Pop music as we know it would be different without weed
Oh yes, marijuana has been culturally influential. But is it ennobling or corrupting? Some say our cheeba-choked world is like an evil universe, where everything good and true is turned upside down and jokes aren’t really that funny but nobody admits it and Spock has a goatee. Would it not be so much safer and wittier and more logical, they argue, without the herbal influence? Well, let us speculate. Let us consider but a few of the ways—there are too many to list—things might work in an herb-free world. Let us ask ourselves whether we’d want to live in it.
Everybody knows Louis Armstrong’s “Muggles” was actually about the denizens of a United Kingdom wizard world who don’t happen to have magical powers. Why do you think Armstrong’s estate sues J.K. Rowling for stolen intellectual property and shuts down the Harry Potter franchise before it even begins? Hel-lo.
While undergraduates never even bother trying to decode the title of Bob Dylan’s “Rainy Day Women #12 & 35” in late-night bull sessions, grad students do find themselves confounded by the song’s uncharacteristically clunky lyrics, particularly the metrical oddity of the line “Everybody must get persecuted once in a while.” Countless dissertations don’t get finished, key Dylanologists don’t get tenured, and the proper dissemination of smug, leisure-class cultural wisdom comes to a grinding halt.
Beatles: One-hit wonder.
When Willie Nelson says, “God put it here; if He put it here and He wants it to grow, what gives the government the right to say that God is wrong?” he is talking about his own penis. Offered as explanation for his mysterious and abrupt departure from service in the U.S. Air Force, the comment makes the red-headed stranger into a red-state pariah; his career never recovers.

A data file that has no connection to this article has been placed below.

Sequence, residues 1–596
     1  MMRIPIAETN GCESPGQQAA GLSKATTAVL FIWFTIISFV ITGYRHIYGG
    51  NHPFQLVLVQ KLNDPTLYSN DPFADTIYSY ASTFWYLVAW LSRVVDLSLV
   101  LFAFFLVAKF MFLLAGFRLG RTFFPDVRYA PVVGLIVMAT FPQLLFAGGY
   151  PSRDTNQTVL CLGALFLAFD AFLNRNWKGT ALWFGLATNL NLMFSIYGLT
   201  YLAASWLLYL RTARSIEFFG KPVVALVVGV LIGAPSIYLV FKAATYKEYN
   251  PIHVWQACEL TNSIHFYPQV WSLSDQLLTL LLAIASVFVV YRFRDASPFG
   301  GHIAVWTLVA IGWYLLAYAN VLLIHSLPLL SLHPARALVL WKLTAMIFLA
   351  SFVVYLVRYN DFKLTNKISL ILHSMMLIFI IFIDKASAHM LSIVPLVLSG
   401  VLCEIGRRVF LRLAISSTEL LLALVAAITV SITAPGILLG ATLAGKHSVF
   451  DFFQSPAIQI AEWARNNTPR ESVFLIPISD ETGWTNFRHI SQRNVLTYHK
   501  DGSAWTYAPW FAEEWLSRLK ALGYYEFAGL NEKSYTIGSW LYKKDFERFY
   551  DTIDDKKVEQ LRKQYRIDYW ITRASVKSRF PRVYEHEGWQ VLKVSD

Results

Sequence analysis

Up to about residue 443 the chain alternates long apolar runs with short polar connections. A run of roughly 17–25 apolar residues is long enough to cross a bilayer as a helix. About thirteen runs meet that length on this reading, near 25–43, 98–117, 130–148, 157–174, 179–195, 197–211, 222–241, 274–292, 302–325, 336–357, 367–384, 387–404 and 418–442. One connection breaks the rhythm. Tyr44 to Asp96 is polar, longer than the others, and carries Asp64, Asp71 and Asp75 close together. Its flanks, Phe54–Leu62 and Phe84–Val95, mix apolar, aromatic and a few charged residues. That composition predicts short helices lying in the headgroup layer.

Jim Morrison actually is a good poet.
When an irate Peter Yarrow swears to modest coffeehouse audiences that his song “Puff the Magic Dragon” is, in fact, about a magic dragon, nobody argues. Or cares.
Cypress Hill raps about urban poverty, violence, racism and why abortion should be legalized. (Nobody has the heart to tell them that abortion has been legalized.)
Ever since Black Sabbath’s “Sweet Leaf” extolled the virtues of Earl Grey in the afternoon, the heavy-metal subculture has been a bastion of smooth, wry decorum.
Dr. Dre’s solo debut, The Tonic, is a flop, disowned by cognoscenti (“What kind of parental advisory is ‘contains quinine?’”) and by the west-coast rap establishment. The intended breakout single “Scweppervescence on Death Row” doesn’t manage enough gansta cred to spare Dre the enmity of his former NWA crew, let alone to launch Snoop Dogg’s career, and G-funk as we thought we knew it collapses into quirky, lyrically ambitious pop-art kitsch. Dre’s 1995 North American tour with David Byrne is the final nail in the coffin.
When people snicker about 4/20, they mean April 20th, Adolf Hitler’s birthday, and that’s just not funny. That’s not funny at all. Come to think of it, it has nothing to do with music, either.
Although the members of Green Day have sense enough not to squander their success writing fatuously earnest political concept albums, they don’t actually have any success, because their band is still called Sweet Children.
Without the benefit of that first gig opening for Keanu Reeves’ band (this world doesn’t tolerate Keanu Reeves), and without the weed to mellow them, Weezer’s jittery dork-n-roll takes a turn for the hardcore. The success of their 2001 hit single “Crack Pipe” swiftly transplants the nation’s crack epidemic from the inner-city minority neighborhoods for which it was intended to the campuses of Northeastern prep schools, fully corrupting America’s upper-middle class youth and crippling our next generation of privileged politicians and Wall Street financiers.
White people realize that Bob Marley’s music is political. Except, that is, when it descends into highly sanitized bubble-gum pop.
Instead of singing, “You’re still my man, nothing can change it” to her crack-head husband Bobby Brown, Whitney Houston sings, “Get yo’ muthafuckin’ ass offa my lawn.” Her career thrives indefinitely.